MC4's Rugged Technologies Save Lives


By Jeff Erlichman, 1105 Government Information Group Custom Media

The Army's Medical Communications for Combat Casualty Care (MC4) uses rugged technologies to save lives.

As they were crossing the cold, icy river a hail and sleet storm broke out. But those rugged conditions did not stop General George Washington and his 2,400 Continental Army troops from crossing the Delaware on Christmas night 1776. The question was: would the rifles be rugged enough to withstand the elements and provide the firepower for victory.

As the events played out, the nation's fate hung in the balance. When it was over, only three Americans were killed and six wounded, while 22 Hessians were killed with 98 wounded. The Americans were able to capture 1,000 prisoners and seize muskets, powder, and artillery.  It was a victory for the “rugged technology” of the day.

Fast forward to the present and there are U.S. Army soldiers stationed in outposts in Iraq, Afghanistan, Germany, Italy, Japan, South Korea and other bases scattered across the globe.  Like Washington's troops, they rely on the “rugged technology” of today to secure victory – no matter the conditions.

Republic of Korea Army Captain Park, Seong Dae (left) demonstrates to MC4's LTC William Geesey (right) the electronic medical record system used at the Korean hospital in Bagram, Afghanistan.

Using Rugged Technology For Gentle Care
“MC4 has deployed more than 28,000 systems in support of 250 medical units in Operations Iraqi and Enduring Freedom, as well as contingency operations around the world,” MC4 Product Manager LTC William E. Geesey told 1105 Government Information Group Custom Media in a recent interview.

What President Obama is envisioning for medical records in the U.S. is already happening on the battlefield. The DoD has a system in place to record and share Service members' medical data anywhere in the world.

MC4 has also trained more than 33,000 medical personnel on how to use the system. As a result, since 2003, more than 9.8 million electronic patient encounters have been captured. Each year, the system has improved in use and functionality, and has expanded to 13 countries and is used by the Air Force, Navy and Army Special Forces personnel in combat.

According to the Army, MC4 is its combat health support information management system and “it integrates, fields and supports medical (patient) information for tactical medical forces, enabling a comprehensive, lifelong electronic medical record for all Service members, as well as enhancing medical situational awareness for operational commanders.”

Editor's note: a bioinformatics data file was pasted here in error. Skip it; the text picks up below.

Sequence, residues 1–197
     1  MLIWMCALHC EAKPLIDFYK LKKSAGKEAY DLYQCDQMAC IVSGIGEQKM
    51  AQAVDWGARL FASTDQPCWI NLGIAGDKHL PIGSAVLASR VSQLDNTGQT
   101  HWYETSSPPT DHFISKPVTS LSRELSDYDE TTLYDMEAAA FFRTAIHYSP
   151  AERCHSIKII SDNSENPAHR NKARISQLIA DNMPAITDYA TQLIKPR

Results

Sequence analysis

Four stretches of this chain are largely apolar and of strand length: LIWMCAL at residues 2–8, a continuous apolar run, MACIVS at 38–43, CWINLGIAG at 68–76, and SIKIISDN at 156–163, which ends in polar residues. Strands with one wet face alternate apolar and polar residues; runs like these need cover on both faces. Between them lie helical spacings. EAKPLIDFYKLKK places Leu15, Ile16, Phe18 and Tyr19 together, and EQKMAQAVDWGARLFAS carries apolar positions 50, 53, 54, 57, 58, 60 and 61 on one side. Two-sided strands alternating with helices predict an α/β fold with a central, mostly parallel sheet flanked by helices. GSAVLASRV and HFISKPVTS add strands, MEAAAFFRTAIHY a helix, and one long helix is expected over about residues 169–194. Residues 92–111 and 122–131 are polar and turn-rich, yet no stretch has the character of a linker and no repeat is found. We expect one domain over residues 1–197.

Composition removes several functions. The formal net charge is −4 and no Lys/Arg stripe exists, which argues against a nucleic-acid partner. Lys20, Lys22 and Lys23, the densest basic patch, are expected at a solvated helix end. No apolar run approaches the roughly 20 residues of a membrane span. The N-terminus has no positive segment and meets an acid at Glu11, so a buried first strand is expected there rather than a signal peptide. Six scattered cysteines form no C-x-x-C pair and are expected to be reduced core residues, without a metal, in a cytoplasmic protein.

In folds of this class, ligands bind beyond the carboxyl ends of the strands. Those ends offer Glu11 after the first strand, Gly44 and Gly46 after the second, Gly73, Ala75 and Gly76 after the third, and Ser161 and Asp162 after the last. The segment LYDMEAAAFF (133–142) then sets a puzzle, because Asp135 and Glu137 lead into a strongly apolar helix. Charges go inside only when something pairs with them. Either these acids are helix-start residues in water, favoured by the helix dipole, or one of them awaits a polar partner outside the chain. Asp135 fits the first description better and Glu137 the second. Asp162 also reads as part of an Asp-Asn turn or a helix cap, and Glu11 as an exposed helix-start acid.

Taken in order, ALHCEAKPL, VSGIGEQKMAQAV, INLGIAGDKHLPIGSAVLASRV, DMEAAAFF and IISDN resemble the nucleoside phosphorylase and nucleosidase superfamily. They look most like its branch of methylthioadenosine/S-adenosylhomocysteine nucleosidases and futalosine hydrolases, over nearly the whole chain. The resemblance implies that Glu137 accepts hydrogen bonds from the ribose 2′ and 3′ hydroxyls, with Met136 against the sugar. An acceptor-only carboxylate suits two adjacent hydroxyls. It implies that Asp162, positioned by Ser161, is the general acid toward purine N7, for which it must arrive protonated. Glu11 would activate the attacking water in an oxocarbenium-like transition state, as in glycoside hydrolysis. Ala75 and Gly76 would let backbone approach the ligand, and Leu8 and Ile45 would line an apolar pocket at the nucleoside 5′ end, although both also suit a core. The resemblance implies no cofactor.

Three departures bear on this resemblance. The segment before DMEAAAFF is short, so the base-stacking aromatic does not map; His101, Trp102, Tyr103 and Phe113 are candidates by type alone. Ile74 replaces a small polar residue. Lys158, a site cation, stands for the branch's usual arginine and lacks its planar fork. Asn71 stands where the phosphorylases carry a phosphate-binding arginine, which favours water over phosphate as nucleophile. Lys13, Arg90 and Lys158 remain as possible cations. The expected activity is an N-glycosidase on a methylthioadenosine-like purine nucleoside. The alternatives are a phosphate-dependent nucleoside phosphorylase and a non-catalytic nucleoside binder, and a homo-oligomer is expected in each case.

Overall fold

By accomplishing this mission, MC4 is providing the Army's solution to Presidential and Congressional objectives which called for a medical tracking system for all deployed Service members.

“What President Obama is envisioning for medical records in the U.S. is already happening on the battlefield. The DoD has a system in place to record and share Service members' medical data anywhere in the world,” declared LTC Geesey.

Rugged Rigors
LTC Geesey described the MC4 system as the deployed medical forces' system of systems for electronic medical recording and medical logistics. “At every level of care on the battlefield, MC4 is used to document patient care from the point of injury to battalion aid stations to combat support hospitals, ensuring Service members have their medical history permanently recorded and available
throughout the continuum of care.”

MC4 also supports the medical logistics community by facilitating the ability to electronically order and track medical supplies on the battlefield. Logisticians have the ability to research requirements, view catalogs and submit orders to their supplier while maintaining an inventory database in the combat zone.

“Because MC4 is a “tactical” or battlefield system, it is engineered to work in austere communications environments,” said LTC Geesey. 

“It has a store-and-forward capability that allows medical professionals to document care without connectivity. When communications are available, the system forwards critical medical data to a centralized database. This is invaluable because it not only provides the next level of care information they'll need to continue caring for that patient, but it provides commanders with a complete medical picture.”

Thus they can use the system and its data to mobilize medical personnel and assets based on data that would have otherwise taken personnel weeks to pull together. Now it's available at their fingertips in a matter of minutes.  This is a decisive advantage in decision making for tactical commanders.

Rugged Must Be Reliable
For LTC Geesey rugged IT is “any system that can withstand the rigors of a combat situation or environment.”

“MC4 systems include ruggedized, cutting-edge hardware and joint, government software,” said LTC Geesey.  “MC4's success depends on its ability to provide durable, reliable hardware that can withstand theater conditions.